October 16 coronavirus news

By Helen Regan, Adam Renton, Zamira Rahim and Nick Thompson, CNN

Updated 0426 GMT (1226 HKT) October 17, 2020
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9:42 a.m. ET, October 16, 2020

Retail sales rose in September as people kept shopping

From CNN’s Nathaniel Meyersohn

People visit South Coast Plaza in Costa Mesa, California, on September 28.
People visit South Coast Plaza in Costa Mesa, California, on September 28. Allen J. Schaben/The Los Angeles Times/Getty Images

Retail sales climbed in September for the fifth straight month as people spent on clothing, sporting goods, furniture and other items in stores and online.

US retail sales rose 1.9% in September, the Commerce Department reported Friday. That's well above the 0.7% rise predicted by economists surveyed by Refinitiv.

In August, retail sales grew 0.6%.

Retail sales had slumped to a seven-year low in April as coronavirus prompted stores across the country to shut their doors, though sales bounced back to pre-pandemic levels in July.

Economists and retail analysts say consumers have shifted their spending – away from travel and leisure and to areas such as home improvement and electronics. Sales at clothing and clothing accessories stores grew 11% in September from the month prior, while sales at sporting goods, hobby, musical instrument and book stores jumped 5.7%.

10:13 a.m. ET, October 16, 2020

Chris Christie: "There was no contact tracing done with me" by White House

From CNN’s Betsy Klein and Vivian Salama

Former New Jersey Gov. Chris Christie attends a news conference at the White House on September 27.
Former New Jersey Gov. Chris Christie attends a news conference at the White House on September 27. Joshua Roberts/Getty Images

Former New Jersey Gov. Chris Christie, in his first televised interview since his release from the hospital, reiterated that no contact tracing was done by the White House after he tested positive for Covid-19.

“Well, I know that there was no contact tracing done with me, George. My contact tracing was done by my local county board of health. They called me while I was in the hospital to contact trace and make sure they have all that information, and I hope so,” he said during an appearance on ABC News when asked whether there was extensive White House contact tracing. 

Christie said he has spoken to the President “a number of times,” both when he was in the hospital and since he returned home when asked whether he tried to advocate tor mask usage, adding that he’s been calling for mask usage “all along,” but “everybody's going to make their own decisions on that.”

“We should be very affirmative. Leaders, all across the politics, sports, the media, should be saying to people, put your masks on and be safe until we get a vaccine that could help to protect us,” he said.

He blamed political polarization for the mixed wearing of masks in the US.

Christie expressed regret, reiterating his statement that it was a “big mistake” not to wear a mask while he was at the White House for debate prep and the Amy Coney Barrett nomination event and made a push for leaders to “be even more affirmative” about mask usage.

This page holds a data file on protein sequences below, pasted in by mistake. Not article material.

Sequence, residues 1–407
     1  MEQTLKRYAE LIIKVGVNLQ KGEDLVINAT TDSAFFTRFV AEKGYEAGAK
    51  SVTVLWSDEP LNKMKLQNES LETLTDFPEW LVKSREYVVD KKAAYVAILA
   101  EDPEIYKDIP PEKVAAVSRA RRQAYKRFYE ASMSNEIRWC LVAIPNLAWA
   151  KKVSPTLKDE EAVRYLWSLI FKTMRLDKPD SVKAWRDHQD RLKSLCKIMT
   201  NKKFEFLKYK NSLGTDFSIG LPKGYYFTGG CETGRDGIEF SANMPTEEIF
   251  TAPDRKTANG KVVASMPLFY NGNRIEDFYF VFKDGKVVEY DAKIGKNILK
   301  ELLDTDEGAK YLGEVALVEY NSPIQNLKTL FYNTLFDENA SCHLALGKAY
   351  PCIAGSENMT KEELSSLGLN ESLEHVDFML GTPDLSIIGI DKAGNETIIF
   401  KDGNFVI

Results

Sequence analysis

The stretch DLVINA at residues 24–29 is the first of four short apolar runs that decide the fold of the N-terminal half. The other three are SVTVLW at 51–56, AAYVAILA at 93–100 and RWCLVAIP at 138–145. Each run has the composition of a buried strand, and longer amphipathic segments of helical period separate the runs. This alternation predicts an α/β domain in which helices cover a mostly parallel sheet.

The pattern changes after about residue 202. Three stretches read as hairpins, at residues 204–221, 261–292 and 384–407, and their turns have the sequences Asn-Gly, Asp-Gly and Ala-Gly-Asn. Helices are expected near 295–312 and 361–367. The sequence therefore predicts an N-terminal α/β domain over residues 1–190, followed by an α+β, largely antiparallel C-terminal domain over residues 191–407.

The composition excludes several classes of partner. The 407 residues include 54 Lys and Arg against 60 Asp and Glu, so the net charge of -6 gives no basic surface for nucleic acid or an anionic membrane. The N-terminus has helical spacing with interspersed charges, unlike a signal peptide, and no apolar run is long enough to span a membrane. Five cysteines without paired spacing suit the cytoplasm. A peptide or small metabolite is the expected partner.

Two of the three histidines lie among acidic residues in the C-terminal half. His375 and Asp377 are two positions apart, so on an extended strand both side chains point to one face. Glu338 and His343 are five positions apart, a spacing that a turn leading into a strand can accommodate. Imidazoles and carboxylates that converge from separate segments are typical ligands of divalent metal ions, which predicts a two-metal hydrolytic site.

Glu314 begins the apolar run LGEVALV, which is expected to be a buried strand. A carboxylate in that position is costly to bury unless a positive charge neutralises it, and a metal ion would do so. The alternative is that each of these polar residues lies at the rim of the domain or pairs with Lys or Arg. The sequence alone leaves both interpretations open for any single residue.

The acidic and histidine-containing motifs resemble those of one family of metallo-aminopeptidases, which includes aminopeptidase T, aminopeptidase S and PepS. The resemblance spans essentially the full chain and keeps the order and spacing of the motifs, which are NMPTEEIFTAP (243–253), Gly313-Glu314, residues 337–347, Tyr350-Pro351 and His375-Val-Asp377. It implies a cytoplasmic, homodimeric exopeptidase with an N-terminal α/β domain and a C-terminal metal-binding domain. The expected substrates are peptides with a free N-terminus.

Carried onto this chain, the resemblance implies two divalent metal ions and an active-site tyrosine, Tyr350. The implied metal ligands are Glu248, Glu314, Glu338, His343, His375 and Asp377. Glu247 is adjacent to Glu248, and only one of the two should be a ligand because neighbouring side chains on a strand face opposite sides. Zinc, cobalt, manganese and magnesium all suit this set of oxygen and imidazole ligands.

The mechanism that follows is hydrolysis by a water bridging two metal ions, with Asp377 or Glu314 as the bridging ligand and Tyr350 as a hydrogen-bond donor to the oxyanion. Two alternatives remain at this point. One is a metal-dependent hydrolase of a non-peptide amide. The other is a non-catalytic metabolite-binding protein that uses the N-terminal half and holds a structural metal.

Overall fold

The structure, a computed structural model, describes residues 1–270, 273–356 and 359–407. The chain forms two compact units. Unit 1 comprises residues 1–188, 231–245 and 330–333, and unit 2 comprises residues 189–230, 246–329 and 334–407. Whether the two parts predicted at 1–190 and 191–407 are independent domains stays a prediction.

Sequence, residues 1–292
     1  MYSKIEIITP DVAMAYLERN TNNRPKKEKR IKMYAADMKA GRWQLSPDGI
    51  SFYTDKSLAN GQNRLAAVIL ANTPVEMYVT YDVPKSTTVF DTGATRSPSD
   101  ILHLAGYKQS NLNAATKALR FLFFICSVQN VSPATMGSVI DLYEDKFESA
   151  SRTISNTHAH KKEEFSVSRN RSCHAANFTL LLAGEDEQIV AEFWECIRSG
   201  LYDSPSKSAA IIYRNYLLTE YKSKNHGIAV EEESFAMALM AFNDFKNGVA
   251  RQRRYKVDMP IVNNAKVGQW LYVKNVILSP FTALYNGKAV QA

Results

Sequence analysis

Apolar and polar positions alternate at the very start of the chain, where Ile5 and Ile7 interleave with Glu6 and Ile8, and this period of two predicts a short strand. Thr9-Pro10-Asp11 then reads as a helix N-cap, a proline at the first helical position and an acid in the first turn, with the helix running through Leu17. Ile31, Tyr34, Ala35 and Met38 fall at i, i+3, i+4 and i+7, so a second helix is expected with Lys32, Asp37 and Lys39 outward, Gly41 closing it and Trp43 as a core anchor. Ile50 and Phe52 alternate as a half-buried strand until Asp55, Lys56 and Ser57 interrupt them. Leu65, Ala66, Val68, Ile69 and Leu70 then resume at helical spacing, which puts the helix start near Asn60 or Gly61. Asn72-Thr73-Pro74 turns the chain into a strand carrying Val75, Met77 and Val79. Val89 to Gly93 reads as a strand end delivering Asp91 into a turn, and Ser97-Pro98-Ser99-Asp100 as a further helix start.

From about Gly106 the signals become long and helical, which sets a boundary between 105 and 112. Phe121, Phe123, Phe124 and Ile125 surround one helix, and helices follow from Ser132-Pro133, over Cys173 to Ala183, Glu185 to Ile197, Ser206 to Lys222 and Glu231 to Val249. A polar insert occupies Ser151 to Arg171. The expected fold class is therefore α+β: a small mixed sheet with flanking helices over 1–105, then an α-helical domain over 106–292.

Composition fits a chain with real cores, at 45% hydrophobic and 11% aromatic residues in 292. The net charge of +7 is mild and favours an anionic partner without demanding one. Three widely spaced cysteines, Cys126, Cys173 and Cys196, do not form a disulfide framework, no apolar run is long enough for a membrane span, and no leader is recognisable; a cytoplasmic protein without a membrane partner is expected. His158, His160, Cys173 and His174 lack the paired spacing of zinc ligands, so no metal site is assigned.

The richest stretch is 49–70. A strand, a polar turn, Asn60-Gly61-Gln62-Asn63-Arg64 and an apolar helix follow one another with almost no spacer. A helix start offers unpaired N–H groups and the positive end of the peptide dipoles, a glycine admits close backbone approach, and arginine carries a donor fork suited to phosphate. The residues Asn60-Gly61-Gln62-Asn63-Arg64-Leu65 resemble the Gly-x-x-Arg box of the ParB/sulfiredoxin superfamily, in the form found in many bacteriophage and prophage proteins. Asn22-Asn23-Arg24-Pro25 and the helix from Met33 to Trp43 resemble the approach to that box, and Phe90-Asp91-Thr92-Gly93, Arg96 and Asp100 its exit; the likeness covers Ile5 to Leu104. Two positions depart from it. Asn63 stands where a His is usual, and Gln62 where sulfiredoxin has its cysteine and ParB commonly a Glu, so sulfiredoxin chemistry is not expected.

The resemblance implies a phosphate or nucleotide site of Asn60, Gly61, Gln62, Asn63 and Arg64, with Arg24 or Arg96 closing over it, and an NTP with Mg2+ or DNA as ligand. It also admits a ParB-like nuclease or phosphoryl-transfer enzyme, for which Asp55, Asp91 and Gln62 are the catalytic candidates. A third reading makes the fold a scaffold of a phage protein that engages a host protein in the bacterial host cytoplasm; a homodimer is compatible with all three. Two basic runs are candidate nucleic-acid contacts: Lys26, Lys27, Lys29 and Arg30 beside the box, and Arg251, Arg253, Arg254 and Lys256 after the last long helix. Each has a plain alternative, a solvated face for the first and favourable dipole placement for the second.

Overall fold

“It was a mistake. You know, I was led to believe that, you know, all the people that I was interacting with at the White House had been tested and it gave you a false sense of security, and it was a mistake. You know I've been so careful George for seven months because of my asthma, wearing masks, washing my hands, social distancing and for seven months, I was able to avoid the virus and one of the worst hit states in the country in New Jersey. But I let my guard down. And it was wrong, it was just a big mistake,” he said.

“I let my guard down for a couple of days inside the White House grounds, and it costs me in a significant way,” he added.

Christie said he received the Eli Lilly antibody treatment as well as Remdesivir during his time in the intensive care unit.

Some context: The White House told staff in an email last week that it had completed "all contact tracing" for positive Covid-19 cases identified at the White House, and urged anyone who hadn't been contacted and suspected they had contact with someone infected by the virus to reach out to the White House Medical Office.

However, New York Times White House correspondent and CNN contributor Michael Shear, who tested positive for the virus following direct interaction with White House officials, told CNN late Tuesday that there's been no outreach by the White House to do contact tracing or to follow up on his condition.

At least one other White House official told CNN that they've also alerted officials that they have had direct contact with positive White House personnel and received no guidance on how to proceed.

Hear what he said:

8:41 a.m. ET, October 16, 2020

32 US states show upward trend in Covid-19 as country approaches 8 million cases

From CNN's Amanda Watts and Christina Maxouris